Insurance fraud, gift fraud, Bulli Bai: Mumbai Police cracking more cyber crime cases than ever
While cases of sextortion, insurance fraud and misuse of the dark web are on the rise, Cyber Crime Cell of Mumbai Police is cracking more cases than ever before, as many as 60% of the cases last year
Cyber criminals are generally confident that they cannot be traced or tracked, which explains the impunity with which they commit such crime, reflects Rashmi Karandikar, the DCP heading the Cyber Cell of Mumbai Police.
Cyber criminals know, says Dr Rashmi Karandikar, that police would have no CCTV footage to fall back on or look up history-sheeters for clues. They are also careful in not using their personal phones and take other steps to avoid detection. But detection of cyber crimes by Mumbai Police, she points out, has gone up from just about 20% to 60%.
She and her team have been in the news after tracking the culprits responsible for operating the Bulli Bai app, used to upload over 100 photographs of Muslim women, including one of the wife of a High Court judge, for ‘mock’ online auction on January 1, 2022. Mumbai Police cracked the case in record time after their Delhi counterparts had failed to make any breakthrough in the similar Sulli Deals app controversy.
Karandikar, who has a Bachelor of Science degree in Statistics, and a doctorate in sociology, recalls that as the head of the Cyber Cell, her first case dealt with sextortion. The culprits were luring young women during the lockdown to shoot for their YouTube channel, tempting them with breaks in the film industry. Some were forced or persuaded to pose for compromising videos. A few were then blackmailed into paying money.
Most of the cyber criminals seem to be from the age group of 19 and 21. Brash and overconfident, they believe the Internet ensures them anonymity, a mask under which they can do what they like. Their conviction that nobody can nab them prompts some of them to take to crime. But then crime never really pays and they are likely to be caught sooner or later, says Karandikar. She should know what she is talking about, being a ‘Certified Ethical Hacker’. She has also completed courses in Computer Hacking Forensic Investigation (CHFI) and has a diploma in Criminology and Criminal Justice.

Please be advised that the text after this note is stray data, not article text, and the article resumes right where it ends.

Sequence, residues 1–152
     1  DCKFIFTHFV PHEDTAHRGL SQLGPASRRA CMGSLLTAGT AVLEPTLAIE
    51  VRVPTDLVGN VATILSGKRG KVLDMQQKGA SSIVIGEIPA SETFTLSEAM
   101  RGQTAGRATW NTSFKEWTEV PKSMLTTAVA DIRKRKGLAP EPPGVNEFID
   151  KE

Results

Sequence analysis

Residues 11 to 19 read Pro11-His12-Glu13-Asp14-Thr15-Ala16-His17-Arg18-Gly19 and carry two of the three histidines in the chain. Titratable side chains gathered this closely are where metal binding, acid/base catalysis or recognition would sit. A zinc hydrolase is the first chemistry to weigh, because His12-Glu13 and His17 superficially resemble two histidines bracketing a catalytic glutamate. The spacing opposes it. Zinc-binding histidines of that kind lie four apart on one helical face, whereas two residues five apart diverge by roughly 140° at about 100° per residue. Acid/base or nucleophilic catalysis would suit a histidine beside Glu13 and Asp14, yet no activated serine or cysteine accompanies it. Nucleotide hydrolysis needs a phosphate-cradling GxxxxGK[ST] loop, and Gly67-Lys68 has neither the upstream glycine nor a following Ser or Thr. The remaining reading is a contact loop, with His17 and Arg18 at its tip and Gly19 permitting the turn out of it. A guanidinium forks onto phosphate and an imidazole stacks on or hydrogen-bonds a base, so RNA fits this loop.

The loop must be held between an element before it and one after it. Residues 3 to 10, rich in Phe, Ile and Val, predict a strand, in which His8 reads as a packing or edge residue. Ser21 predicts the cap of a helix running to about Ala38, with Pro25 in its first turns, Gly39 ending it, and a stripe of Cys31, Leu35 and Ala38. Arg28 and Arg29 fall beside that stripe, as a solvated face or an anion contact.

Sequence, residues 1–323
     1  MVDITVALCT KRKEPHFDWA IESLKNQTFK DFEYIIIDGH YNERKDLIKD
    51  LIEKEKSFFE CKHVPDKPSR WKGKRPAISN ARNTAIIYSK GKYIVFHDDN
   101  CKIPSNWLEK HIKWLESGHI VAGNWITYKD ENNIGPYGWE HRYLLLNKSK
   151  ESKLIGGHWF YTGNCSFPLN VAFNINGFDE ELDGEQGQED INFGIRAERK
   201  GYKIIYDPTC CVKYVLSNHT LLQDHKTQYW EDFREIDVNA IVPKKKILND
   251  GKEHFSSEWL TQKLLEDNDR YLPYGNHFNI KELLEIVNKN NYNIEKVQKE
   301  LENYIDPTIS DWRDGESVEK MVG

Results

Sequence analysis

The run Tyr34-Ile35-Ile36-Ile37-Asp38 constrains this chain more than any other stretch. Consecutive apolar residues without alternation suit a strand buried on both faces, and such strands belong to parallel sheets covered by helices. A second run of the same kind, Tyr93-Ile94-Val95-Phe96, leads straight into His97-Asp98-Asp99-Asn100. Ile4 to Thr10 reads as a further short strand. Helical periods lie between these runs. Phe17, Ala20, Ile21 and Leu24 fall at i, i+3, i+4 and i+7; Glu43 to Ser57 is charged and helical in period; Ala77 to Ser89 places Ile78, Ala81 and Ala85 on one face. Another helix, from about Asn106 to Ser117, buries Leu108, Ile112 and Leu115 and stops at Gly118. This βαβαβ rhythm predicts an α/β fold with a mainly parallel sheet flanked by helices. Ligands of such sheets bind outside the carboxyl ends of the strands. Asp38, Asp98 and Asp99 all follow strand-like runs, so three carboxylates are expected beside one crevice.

Cases of insurance fraud and ‘custom gift fraud’, along with sextortion, she says, have gone up sharply. But few victims of sextortion volunteer to lodge formal complaints, which explains the low numbers in the official record, she says.
Her team has busted a few insurance frauds and recovered Rs.75 lakhs or so duped. In one of the rare cases, she recalls, a pregnant woman from the North East was forced to sell her bank account for the paltry amount of Rs 2000.
In yet another case, a group of youngsters defrauded a senior citizen and his wife for over six months. They gave the name ‘ Aladin’ to the couple and defrauded them every time they wanted money for a trip or to buy luxury goods. Avid watchers of crime serials, they had covered their tracks, never using their personal phones for the crime. The victim eventually reached out to Mumbai Police Commissioner Hemant Nagarale. All the culprits were caught.
The Cyber Cell, she claims, has also saved at least 30 lives. Recalling one such case she says it was an alert from Facebook that led the team to track a person in Dhule district, who had threatened to commit suicide. He had apparently been framed in a false case and he wanted his side to be known. A police team reached his house within 15 minutes of the alert, she remembers with satisfaction, and prevented the attempted suicide.
Acutely conscious that police stations are not perceived to be people-friendly, her attempt has been to ensure that women visiting the police station are put at ease. Patience and sensitivity are required to deal with victims, collect all relevant information and assure them that we are happy to help, she adds.
(This was first published in National Herald on Sunday)